Sex or Gender Discrimination

California Fair Employment and Housing Act (FEHA): It is unlawful for an employer to refuse to hire; to discharge or to terminate; to refuse to select or to bar or discharge an employee from a training program leading to employment; or to discriminate against the person in compensation or in terms, conditions, or privileges of employment" because of the employee's sex or gender. Cal. Gov. Code § 12940(a).

While the term "sex" denotes the biological differences between males and females, gender refers to the cultural implications attached to each sex. Therefore, discrimination based on sex or gender includes not only discrimination directed towards the physical differences between the sexes, but also the stereotypes and attitudes of and about the sexes.

To bring a claim for gender discrimination an employee must show that:

  • the employee was a member of a particular gender (ex: employee is female),
  • the employee was "subjected to an adverse employment decision," (ex: discharged),
  • the employee was "qualified for the position,"
  • the employee was "replaced by a person outside the [gender], or similarly situated [employees of the opposite gender] were treated more favorably." Vincent v. Brewer Co. (6th Cir. 2007) 514 F.3d 489, 494.
  • Note: It is not necessary to show that the plaintiff was equally qualified for the position taken by the replacement. It is only necessary to show that the plaintiff was qualified.

Both sexes are entitled to equal rates of pay for the same job, as required by the Equal Pay Act of 1963. As well, favoritism shown to a particular sex by a supervisor may create a hostile work environment, which is prohibited by FEHA. Miller v. Department of Corrections, (2005) 36 C4th 446, 466.

While most gender discrimination tends to be directed towards females, employers are still prohibited from discriminating against male employees on the basis of sex. For instance, suggesting that a male worker harassed a female worker because males are likely to do so would constitute sex discrimination. Sassaman v. Gamache (2nd Cir. 2009) 566 F3d 307, 312.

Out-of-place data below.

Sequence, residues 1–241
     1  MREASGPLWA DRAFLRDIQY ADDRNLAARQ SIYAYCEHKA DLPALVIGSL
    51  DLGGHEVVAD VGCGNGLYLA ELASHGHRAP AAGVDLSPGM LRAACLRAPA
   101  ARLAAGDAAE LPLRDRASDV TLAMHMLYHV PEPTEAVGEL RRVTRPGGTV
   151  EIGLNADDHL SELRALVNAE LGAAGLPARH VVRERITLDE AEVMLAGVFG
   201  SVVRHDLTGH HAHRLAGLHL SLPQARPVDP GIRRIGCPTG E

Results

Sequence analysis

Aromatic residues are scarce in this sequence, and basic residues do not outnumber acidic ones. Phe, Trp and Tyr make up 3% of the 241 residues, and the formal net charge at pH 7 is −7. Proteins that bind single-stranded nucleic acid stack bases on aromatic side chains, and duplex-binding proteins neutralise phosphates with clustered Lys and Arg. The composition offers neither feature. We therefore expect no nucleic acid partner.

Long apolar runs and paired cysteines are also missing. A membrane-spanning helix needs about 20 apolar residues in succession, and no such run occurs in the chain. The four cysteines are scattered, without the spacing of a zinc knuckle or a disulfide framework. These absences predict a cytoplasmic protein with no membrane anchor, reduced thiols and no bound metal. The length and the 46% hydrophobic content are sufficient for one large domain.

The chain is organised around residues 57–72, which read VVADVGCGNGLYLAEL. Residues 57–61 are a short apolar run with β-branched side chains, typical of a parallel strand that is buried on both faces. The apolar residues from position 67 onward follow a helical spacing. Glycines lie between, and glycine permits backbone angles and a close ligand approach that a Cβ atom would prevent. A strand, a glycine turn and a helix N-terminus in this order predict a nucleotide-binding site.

While parents are not protected under FEHA from discrimination, mothers may suffer discrimination if they are discriminated against due to their gender or pregnancy. Because pregnancy is attached to the female gender, discrimination against pregnancy generally also constitutes sex or gender discrimination. Cal. Gov. Code § 12926(p). Employers also may not assume that women will be inadequate workers due to family or child-rearing responsibilities. Chadwick v. WellPoint, Inc. 561 F3d at 45.

Employers can require an employee to "adhere to reasonable workplace appearance, grooming, and dress standards," but an employer must "allow an employee to appear or dress consistently with the employee's gender identity." Cal. Gov. Code § 12949. On the other hand, forcing unduly burdensome appearance standards on a particular gender is prohibited. Frank v. United Airlines, Inc. (9th Cir. 2000) 216 F3d 845, 854. In addition, requiring a gender to wear sexually provocative clothing constitutes sex discrimination. Jespersen v. Harrah's Operation Co., Inc., 444 F3d at 1113. It is also sex discrimination to require a particular gender to meet a certain level of attractiveness. Yanowitz v. L'Oreal USA, Inc., (2005) 36 C4th 1028, 1044.

Gender discrimination includes discrimination by employers based on the fact that an employee is transsexual. Thus, gender discrimination includes a "person's identity and gender related appearance and behavior whether or not stereotypically associated with the person's assigned sex at birth." Gov. C. § 12926(p), Pen. C. § 422.76.

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If you have experienced sex or gender discrimination at your workplace, contact the renowned sex discrimination lawyers at Kokozian Law Firm, APC. 323-857-5900. Ask about our free initial consultation.